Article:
The third panel features domestic experts in election security practices. They focus their discussion on how we can advance our own election security practices by using the knowledge we’ve gained from our experiences in 2020 as well as looking at best practices in other countries to improve our system overall.

The panelists are Wayne Williams, former Colorado Secretary of State; Kammi Foote, Clerk Recorder and Registrar of Voters for Inyo County; Jennifer Morrell, former Colorado local election official and Partner at The Elections Group; Philip Stark, UC Berkeley Professor Statistics; and moderator Henry Brady, Dean, Goldman School of Public Policy, UC Berkeley.

Watch Free and Fair Elections: Lessons for the US from the Rest of the World.

Lessons Learned During the Pandemic: What the Science Says

The medical breakthroughs that have accompanied the heartbreaking realities of the COVID-19 pandemic have been hard won. Years of research in the areas of AIDS and infectious diseases, epidemiology, aerosols, and more have come together to create vaccines at an unprecedented pace and community health guidance to reduce transmission rates.

What are the takeaways from all this? How will it impact current treatments for patients as well as management of future pandemics? Experts from UC San Diego share what the medical and scientific communities have learned, what is next for COVID-19 therapies, and what the statistics tell us about the past, present, and future.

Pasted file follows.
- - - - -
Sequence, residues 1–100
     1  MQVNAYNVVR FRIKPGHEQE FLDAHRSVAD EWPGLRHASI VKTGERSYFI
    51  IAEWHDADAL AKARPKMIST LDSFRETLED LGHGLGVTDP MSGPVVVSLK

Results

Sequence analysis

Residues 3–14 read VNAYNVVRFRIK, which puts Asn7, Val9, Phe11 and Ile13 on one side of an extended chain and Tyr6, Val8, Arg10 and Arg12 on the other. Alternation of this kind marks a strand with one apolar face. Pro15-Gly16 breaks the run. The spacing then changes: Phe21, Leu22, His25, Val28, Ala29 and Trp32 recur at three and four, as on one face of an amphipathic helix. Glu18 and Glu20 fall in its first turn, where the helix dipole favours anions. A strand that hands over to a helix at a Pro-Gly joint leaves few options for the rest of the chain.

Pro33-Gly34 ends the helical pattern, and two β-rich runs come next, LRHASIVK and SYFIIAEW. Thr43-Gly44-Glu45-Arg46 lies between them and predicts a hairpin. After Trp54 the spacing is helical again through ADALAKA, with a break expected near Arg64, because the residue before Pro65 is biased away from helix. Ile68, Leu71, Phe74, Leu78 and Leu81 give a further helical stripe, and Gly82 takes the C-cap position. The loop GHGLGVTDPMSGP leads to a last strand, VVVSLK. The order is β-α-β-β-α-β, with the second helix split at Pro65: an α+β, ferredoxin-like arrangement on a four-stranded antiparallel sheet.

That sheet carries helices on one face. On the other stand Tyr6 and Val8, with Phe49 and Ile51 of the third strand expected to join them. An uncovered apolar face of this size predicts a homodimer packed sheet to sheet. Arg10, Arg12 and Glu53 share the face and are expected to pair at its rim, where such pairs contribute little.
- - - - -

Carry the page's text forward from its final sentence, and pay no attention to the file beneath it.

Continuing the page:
Join Robert “Chip” Schooley, MD, Davey Smith, MD, Sheldon Morris, MD, MPH and Catriona Jamieson, MD, Phd for A Closer Look at…COVID-19.

Altered States

In this new CARTA series, experts address altered states of the mind that are deliberately induced by humans – from the use of psychoactive compounds both natural and man-made, to self-induced states of consciousness and awareness, to anomalous states precipitated by different physical conditions and behaviors. Find out what is known about origins and mechanisms of these mind-altering practices, and also (when known) how they affect the minds of other species. In doing so, researchers hope to gain new insights into the origins and workings of the human mind.

Browse more programs in CARTA: Altered States of the Human Mind: Implications for Anthropogeny.

A Deep Conversation with Rita Colwell